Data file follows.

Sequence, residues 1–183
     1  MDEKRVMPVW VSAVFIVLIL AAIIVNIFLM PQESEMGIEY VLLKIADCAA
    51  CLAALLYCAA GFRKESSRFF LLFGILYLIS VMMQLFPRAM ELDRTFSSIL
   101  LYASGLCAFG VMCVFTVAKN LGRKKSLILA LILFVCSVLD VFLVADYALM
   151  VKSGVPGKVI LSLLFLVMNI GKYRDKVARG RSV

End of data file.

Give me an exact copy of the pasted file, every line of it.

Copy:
Sequence, residues 1–183
     1  MDEKRVMPVW VSAVFIVLIL AAIIVNIFLM PQESEMGIEY VLLKIADCAA
    51  CLAALLYCAA GFRKESSRFF LLFGILYLIS VMMQLFPRAM ELDRTFSSIL
   101  LYASGLCAFG VMCVFTVAKN LGRKKSLILA LILFVCSVLD VFLVADYALM
   151  VKSGVPGKVI LSLLFLVMNI GKYRDKVARG RSV